In case you missed it: a great tribute to Professor Stephen Clarkson, who died on February 28th.
Stephen Clarkson: Author, teacher was a giant of Canadian political science
By Gloria Galloway
Prof. Clarkson was many things: An extraordinary political researcher, a prolific and multiple-award-winning author of books about trade and politics, a young radical, a fervent nationalist, a former Toronto mayoral candidate, a devoted father, and, over the course of his lifetime, the husband of three intensely bright and accomplished women.
But he was, above all, a magnificent teacher who fostered a passion for learning, the ability to think critically, and the desire to know more about the world at large in the minds of the young people who populated his lectures.

Finally, on a lighter note – and not wishing to demean either the Syrian refugee crisis or the angst of reasonable American voters – we could not resist this item from The New Yorker:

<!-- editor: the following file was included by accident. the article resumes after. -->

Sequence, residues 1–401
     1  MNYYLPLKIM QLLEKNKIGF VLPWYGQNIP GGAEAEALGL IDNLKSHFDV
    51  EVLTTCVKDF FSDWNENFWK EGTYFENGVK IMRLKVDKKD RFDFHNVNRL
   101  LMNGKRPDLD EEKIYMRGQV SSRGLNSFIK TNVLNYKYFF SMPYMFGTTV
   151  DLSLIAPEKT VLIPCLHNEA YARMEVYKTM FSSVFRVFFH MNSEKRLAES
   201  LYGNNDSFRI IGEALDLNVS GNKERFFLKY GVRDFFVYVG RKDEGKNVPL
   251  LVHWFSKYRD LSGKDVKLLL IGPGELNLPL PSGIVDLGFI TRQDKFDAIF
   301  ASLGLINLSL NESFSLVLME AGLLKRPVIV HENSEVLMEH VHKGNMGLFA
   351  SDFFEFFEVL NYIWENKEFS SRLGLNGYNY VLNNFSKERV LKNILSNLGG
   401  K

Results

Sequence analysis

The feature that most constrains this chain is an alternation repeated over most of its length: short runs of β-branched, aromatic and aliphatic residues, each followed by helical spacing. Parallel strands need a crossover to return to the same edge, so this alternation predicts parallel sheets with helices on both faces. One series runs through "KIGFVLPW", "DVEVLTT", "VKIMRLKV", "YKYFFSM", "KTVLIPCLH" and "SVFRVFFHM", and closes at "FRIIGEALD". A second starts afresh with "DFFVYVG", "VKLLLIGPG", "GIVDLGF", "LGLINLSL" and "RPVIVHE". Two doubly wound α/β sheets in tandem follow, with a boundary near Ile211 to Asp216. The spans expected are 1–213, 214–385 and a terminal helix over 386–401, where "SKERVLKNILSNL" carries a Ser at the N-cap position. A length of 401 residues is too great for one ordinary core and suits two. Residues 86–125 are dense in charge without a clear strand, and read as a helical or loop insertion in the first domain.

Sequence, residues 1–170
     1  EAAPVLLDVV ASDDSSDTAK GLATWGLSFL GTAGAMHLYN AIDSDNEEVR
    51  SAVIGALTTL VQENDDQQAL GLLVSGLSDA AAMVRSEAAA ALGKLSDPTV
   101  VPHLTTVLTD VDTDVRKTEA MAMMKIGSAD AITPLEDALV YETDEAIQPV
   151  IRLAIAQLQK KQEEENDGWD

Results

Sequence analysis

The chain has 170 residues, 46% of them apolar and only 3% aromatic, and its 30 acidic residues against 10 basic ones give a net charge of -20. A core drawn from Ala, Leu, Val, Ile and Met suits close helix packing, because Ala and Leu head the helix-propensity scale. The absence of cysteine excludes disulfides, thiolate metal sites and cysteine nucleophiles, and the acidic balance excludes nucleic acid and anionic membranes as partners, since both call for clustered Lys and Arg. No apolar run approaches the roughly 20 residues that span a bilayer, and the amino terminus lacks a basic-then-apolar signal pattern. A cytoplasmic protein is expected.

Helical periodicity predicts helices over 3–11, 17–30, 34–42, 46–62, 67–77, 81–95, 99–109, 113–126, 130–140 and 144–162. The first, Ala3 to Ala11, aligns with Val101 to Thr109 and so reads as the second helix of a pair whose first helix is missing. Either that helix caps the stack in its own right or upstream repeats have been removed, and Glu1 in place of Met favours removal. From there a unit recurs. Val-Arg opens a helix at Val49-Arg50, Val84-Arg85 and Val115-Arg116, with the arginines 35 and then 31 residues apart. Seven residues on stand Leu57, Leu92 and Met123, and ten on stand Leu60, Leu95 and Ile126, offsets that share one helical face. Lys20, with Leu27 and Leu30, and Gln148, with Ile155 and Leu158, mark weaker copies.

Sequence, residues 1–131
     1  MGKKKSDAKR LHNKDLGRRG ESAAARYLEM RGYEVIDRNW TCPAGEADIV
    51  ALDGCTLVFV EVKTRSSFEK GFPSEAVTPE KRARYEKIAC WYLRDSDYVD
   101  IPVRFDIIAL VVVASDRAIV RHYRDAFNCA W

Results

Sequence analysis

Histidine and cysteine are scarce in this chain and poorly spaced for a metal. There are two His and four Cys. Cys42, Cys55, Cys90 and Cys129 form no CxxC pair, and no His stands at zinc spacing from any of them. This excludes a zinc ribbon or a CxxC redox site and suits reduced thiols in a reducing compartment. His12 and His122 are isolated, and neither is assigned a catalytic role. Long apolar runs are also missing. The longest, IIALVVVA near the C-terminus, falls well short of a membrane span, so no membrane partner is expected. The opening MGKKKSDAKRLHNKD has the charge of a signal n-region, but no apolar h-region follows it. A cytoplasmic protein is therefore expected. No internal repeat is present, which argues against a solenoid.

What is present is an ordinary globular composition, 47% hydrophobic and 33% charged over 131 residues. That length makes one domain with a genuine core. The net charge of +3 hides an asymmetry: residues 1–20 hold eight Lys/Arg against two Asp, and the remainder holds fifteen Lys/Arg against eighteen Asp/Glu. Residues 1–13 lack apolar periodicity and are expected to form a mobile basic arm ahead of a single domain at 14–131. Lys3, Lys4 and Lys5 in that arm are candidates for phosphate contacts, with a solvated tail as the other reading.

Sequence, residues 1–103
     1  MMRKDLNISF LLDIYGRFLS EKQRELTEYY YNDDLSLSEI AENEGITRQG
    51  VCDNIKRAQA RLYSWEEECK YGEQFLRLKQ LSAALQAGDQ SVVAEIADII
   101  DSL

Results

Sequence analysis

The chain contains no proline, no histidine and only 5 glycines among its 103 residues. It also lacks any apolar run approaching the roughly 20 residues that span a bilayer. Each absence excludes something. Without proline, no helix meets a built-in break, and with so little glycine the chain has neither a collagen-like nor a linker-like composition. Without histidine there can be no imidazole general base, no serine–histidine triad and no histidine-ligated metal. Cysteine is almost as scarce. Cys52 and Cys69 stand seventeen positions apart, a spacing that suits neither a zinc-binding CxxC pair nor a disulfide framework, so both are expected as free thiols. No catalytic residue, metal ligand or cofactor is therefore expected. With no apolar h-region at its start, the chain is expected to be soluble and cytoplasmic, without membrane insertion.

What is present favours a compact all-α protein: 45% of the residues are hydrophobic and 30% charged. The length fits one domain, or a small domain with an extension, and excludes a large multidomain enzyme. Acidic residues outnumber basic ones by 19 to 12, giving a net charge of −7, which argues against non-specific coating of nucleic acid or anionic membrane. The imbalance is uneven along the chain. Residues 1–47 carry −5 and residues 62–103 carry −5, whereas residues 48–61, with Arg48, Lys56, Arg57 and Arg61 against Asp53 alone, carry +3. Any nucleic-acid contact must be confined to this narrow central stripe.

Canada Fears Photo of Prime Minister with Pandas Could Worsen American Refugee Crisis
—Canada, already bracing for the possible inflow of millions of American refugees in November, might have made matters worse by releasing an unacceptably adorable photo of its Prime Minister hugging two baby pandas, Canadians fear.
The photo, taken at the Toronto Zoo and showing Justin Trudeau cuddling with two panda cubs, was “the last thing this country needed,” Harland Dorrinson, the executive director of Canadians for Responsible Immigration, a prominent anti-immigration organization based in Ottawa, said.
“Canada is already staring down the potential crisis of millions of Americans pouring over its border later this year,” Dorrinson said. “Did we really have to announce that we have pandas, too?”

And this:
Obama Pays Tribute to Charlie Brown, Snoopy and the ‘Peanuts’ Gang